I read Jonathan Cook’s new book Disappearing Palestine: Israel’s experiments in human despair before Israel committed its most recent massacres in Gaza. Israel’s massive disregard for Palestinian life and the clearly deliberate destruction of life-sustaining infrastructure shocked many poorly informed observers, but few of those acquainted with the knowledge contained in this book would have been taken by surprise. Cook is a British journalist who made the Palestinian city of Nazareth his home. Over the last six years Cook published a series of highly informative and original articles that broke with the Western tradition of stenographic journalism. Although previously a staff journalist of the liberal British paper The Guardian, few of his recent articles were featured in the mainstream Western press. He knows too much.
This book is in fact two short books for the price of one. The second half comprises a selection drawn from these articles Cook published over the last six years in a variety of websites and newspapers. The first half is an outstanding essay that seeks to distill the so-called “Israeli-Palestinian conflict” and to trace within it the overarching principle that guides Israel’s policies. Cook’s thesis is that “the goal of Israeli policy is to make Palestine and the Palestinians disappear for good.”
Proving such a strong thesis is not an easy task. Many historians, and many laypersons with a liberal education, tend to be suspicious of plans and purposes. History, when examined closely enough, often looks like a patchwork of accidents. No doubt chance had a substantial impact on the history of Zionism. Few of the colonizers who laid the ground for the future State of Israel in the 1920s imagined the coming holocaust in Europe, or the massive influx of Jews from Arab countries. The most fateful decisions taken by the state were the result of intense internal debates and can be easily imagined resolving the other way. For example, the decisions to attack Egypt in 1956 and 1967 required the no small feat of isolating a sitting prime minister, Moshe Sharett in 1955 and Levi Eshkol in 1967. Ariel Sharon’s provocation that ignited the second Palestinian intifada in September 2000 was an election campaign ploy, and so were the recent massacres in Gaza.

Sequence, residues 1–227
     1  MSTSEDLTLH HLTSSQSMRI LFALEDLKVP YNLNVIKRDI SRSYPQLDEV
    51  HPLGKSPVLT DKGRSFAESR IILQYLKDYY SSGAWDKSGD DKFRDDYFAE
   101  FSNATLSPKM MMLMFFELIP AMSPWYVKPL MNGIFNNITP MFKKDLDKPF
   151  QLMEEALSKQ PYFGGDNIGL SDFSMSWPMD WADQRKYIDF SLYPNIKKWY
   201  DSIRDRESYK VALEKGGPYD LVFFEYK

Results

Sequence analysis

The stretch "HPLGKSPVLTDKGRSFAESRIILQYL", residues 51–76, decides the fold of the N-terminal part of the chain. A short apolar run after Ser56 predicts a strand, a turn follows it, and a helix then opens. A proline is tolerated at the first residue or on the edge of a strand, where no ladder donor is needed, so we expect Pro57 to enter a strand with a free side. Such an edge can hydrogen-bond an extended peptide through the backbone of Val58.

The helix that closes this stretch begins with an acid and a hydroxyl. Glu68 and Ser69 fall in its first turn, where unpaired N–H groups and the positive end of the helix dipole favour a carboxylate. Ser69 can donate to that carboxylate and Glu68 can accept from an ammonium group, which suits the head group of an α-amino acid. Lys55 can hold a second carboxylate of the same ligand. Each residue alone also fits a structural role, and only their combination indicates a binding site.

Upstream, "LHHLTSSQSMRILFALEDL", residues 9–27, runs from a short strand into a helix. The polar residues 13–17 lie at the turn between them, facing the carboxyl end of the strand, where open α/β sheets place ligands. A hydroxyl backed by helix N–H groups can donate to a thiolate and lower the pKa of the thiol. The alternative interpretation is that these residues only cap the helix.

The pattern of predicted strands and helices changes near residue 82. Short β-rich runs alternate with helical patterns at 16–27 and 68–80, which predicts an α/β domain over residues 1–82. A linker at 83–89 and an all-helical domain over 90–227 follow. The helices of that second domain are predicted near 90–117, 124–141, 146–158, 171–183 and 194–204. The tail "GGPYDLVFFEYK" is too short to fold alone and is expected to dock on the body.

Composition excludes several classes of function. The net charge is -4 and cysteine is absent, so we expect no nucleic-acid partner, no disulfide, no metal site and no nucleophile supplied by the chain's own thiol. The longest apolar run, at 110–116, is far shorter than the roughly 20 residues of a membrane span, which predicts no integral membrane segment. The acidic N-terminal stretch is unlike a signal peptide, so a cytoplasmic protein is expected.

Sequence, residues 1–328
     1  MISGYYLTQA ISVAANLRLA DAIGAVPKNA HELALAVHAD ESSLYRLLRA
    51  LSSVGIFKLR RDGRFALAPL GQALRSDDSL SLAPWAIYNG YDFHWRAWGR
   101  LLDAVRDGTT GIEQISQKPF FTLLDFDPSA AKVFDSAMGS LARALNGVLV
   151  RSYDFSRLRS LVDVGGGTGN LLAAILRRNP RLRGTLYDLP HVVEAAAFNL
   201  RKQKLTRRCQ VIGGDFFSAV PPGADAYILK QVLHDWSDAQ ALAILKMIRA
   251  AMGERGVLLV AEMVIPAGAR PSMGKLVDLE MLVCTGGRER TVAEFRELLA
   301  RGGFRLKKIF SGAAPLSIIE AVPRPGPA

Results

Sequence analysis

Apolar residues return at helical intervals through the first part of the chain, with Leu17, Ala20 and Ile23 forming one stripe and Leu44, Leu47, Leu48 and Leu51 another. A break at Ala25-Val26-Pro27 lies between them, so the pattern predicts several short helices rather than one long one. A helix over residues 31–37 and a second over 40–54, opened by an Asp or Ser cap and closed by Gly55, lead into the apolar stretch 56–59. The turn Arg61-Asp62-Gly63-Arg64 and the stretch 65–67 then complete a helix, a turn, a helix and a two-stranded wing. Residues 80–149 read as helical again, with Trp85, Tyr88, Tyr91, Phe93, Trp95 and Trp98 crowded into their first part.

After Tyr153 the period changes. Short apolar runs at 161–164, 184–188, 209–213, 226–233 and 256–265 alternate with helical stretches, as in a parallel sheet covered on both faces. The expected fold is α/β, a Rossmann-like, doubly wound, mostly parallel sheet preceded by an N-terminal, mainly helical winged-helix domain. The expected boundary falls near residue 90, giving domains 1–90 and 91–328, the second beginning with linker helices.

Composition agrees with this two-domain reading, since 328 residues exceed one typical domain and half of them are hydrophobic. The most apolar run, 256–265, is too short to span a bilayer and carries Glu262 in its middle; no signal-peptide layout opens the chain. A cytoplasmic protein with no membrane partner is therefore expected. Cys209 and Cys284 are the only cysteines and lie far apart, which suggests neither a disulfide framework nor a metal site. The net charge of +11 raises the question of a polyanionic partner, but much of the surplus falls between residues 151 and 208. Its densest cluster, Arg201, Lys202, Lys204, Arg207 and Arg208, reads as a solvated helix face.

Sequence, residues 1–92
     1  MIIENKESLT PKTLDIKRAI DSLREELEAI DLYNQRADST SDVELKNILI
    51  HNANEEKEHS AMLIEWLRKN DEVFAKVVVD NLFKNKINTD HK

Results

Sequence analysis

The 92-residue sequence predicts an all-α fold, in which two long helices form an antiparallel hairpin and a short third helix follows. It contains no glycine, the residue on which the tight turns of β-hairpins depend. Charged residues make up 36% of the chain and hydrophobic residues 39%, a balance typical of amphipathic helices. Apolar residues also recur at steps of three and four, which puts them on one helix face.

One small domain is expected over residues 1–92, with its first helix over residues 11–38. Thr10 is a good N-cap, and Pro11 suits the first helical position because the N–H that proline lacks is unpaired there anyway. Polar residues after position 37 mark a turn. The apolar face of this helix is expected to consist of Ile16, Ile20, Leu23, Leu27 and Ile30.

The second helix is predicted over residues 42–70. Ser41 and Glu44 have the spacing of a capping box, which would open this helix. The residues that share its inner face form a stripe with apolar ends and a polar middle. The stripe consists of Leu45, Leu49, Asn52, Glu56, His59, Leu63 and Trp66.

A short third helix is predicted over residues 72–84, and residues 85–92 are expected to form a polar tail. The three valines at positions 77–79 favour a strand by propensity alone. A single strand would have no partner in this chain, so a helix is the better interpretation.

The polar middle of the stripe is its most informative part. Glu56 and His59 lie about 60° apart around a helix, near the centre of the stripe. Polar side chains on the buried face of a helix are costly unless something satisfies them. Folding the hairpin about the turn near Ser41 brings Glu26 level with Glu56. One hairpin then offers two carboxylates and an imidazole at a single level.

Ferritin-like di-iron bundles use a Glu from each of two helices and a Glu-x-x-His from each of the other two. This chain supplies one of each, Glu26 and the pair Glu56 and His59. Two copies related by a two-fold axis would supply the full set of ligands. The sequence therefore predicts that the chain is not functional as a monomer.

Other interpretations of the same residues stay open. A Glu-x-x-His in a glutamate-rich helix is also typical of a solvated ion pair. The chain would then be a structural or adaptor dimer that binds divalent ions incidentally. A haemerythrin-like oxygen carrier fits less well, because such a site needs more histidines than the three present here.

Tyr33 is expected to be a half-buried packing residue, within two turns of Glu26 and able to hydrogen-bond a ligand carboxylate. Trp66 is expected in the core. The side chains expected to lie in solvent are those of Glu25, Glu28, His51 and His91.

However, when a driver has an accident every year, it is not enough to note that each accident was different — here the street lighting was faulty, there the brakes malfunctioned, one time happened during a snow storm; we are at fault if we ignore the pattern. Cook synthesizes a voluminous array of books relating to both the ideology and practices of the Israeli state, in order to present a compelling and appalling pattern of actions and words leading, planning and driving in one inexorable direction, the disappearance of Palestine and Palestinians. He does this in a lean and matter-of-fact prose, with a style that keeps the inevitable pull of ironic language in check, and with effortless narrative guidance that acquaints the reader along the way with the main historical and geographical signposts. The first chapter covers Zionism’s early beginnings and the erasure of Palestinian history, the colonial imagination of the “empty land,” the emergence of active plans for getting rid of the inhabitants of Palestinian villages (transfer), followed by the actual massive ethnic cleansing that took place in 1948. A battered Palestinian minority remained under Israeli control, mainly in the Galilee and the Negev. Cook then describes and traces the common denominator of the various policies adopted vis-a-vis this minority after 1948, from land confiscations and “judaization” campaigns to explicit calls for transfer, revealing the persistence and consistency of the overarching Israeli purpose: disappearing Palestinians.